Starting a career in the health care industry requires several years of education.
That learning doesn’t cease once a license and/or board certification is obtained.
In fact, in the medical field, education is a constant and ongoing thing.
This process is known in the industry as continued medical education (CME) or continuing education unit (CEU) and it’s something required for almost every role in the health care sector.
CME is integral to a medical professional’s success.
It enables health care providers to learn new ways to improve and enhance the care they deliver to patients.
Continuing education also helps those in the industry more effectively manage their careers in the ever-changing landscape of medicine.
What’s required for CME will vary across the many different roles and disciplines.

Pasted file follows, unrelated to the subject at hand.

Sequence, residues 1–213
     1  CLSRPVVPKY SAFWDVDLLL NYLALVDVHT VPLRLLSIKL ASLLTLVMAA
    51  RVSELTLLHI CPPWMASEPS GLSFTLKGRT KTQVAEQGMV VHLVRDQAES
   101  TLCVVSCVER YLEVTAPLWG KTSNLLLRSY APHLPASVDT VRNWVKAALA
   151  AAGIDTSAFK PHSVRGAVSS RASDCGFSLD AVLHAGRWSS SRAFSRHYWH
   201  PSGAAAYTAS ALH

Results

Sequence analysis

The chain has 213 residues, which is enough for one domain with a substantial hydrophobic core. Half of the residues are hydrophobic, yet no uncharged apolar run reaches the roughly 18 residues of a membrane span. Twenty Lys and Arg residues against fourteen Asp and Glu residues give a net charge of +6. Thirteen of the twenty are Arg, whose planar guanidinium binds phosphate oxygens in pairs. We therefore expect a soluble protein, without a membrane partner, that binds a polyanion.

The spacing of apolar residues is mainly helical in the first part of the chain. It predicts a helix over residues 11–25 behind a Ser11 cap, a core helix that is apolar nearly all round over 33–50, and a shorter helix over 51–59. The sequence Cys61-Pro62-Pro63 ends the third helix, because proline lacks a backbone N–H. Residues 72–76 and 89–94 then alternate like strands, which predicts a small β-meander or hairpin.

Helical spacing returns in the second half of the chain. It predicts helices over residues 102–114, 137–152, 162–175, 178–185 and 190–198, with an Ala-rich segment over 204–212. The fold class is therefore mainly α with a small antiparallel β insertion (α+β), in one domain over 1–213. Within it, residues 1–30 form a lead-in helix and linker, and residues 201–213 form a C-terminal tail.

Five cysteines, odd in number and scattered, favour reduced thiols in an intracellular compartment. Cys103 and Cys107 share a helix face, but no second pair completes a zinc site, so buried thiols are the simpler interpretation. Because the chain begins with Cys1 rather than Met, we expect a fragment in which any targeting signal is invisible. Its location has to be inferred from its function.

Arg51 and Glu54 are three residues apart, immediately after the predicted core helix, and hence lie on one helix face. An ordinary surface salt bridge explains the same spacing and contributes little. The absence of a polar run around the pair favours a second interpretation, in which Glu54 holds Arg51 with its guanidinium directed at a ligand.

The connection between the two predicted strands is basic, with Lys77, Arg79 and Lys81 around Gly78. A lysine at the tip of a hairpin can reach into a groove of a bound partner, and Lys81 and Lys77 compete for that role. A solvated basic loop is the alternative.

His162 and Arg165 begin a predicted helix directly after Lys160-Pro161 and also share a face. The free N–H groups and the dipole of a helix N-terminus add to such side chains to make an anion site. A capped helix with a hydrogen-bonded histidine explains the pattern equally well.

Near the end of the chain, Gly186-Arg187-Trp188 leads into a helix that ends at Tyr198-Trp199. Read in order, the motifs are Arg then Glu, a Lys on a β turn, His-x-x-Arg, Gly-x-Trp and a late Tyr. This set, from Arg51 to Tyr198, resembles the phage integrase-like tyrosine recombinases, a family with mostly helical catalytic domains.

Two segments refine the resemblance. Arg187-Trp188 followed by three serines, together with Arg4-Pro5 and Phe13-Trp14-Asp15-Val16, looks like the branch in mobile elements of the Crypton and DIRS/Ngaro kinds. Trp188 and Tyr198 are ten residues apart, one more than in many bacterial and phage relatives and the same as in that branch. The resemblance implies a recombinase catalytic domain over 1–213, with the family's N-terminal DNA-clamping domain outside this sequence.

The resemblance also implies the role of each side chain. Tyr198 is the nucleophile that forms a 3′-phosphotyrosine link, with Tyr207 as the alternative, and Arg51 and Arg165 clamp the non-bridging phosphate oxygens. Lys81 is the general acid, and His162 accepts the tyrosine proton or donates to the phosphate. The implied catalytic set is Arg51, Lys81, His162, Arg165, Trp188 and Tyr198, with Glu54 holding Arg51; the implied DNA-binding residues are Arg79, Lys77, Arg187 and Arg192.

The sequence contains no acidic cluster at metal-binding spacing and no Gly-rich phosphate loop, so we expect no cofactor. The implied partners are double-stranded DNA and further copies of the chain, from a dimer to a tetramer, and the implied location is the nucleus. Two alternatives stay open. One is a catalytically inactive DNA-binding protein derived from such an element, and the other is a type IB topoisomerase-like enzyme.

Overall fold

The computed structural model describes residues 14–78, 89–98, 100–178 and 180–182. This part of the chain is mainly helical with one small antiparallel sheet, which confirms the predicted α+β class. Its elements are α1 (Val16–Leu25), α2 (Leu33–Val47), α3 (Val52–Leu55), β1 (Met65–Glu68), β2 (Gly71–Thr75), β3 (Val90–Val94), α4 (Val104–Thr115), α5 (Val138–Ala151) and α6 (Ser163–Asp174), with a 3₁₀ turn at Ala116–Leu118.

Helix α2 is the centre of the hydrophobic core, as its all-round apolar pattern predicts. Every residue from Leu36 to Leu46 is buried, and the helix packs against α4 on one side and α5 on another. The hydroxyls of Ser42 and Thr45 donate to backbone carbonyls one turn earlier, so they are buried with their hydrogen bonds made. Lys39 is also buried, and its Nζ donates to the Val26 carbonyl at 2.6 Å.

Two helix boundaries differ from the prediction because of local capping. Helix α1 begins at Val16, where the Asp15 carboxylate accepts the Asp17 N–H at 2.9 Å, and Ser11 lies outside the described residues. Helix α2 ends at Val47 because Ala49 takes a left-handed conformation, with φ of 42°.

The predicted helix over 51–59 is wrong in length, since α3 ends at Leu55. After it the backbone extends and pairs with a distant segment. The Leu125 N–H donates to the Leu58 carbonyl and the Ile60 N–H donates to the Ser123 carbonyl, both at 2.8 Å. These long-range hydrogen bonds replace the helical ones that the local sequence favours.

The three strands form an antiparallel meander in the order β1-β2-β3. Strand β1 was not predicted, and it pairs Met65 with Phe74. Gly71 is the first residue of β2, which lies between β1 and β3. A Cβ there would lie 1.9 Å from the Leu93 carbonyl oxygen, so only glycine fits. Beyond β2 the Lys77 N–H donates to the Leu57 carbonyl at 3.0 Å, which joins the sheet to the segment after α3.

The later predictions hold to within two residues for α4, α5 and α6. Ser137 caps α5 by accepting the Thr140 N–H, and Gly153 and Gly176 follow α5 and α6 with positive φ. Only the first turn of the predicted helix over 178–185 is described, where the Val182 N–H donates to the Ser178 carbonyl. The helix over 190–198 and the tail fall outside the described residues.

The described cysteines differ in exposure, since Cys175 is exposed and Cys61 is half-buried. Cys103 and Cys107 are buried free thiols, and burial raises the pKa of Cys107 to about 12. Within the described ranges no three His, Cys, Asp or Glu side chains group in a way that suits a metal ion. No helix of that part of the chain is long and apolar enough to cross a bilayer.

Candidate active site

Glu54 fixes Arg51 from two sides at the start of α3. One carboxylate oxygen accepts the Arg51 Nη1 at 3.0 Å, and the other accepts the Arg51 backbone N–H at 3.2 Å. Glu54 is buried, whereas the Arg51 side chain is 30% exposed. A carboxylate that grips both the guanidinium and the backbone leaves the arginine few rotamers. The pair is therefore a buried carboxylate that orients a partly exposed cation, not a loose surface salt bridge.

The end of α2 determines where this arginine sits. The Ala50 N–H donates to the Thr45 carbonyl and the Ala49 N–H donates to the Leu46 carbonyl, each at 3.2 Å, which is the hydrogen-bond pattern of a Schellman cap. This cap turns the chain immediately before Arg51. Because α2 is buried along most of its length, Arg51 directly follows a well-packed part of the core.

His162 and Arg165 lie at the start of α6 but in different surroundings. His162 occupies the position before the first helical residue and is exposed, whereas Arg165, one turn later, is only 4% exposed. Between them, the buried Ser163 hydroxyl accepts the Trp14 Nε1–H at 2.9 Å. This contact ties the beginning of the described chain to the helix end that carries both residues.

Across the board, however, continuing medical education allows practitioners to:
• Meet licensing/certification requirements
• Hone their skills to improve overall patient care
• Remain up-to-date on all the latest developments and changes within their specialty
• Discover and address the real-world challenges modern health care professionals face
• Grow professionally and work toward opportunities for career advancements
• Learn important team management skills
• Earn membership to certain professional organizations
Now that we’ve gotten the meaning and importance of CME out of the way, the next logical step is figuring out how to obtain these credits.
As mentioned, the actual nature and number of CEUs you need will depend on what your particular role or specialty happens to be.
Regardless, one thing that all continuing medical education has in common is that these credits must be obtained by a certain deadline that is specified by state. (See a list of all CME deadlines by state here.)
If you’re like so many in the hectic medical field, you may have let your required CME sit on the back burner a little too long and now you’re scrambling to figure out the best (i.e. fastest and easiest) way to earn the credits you need to stay compliant.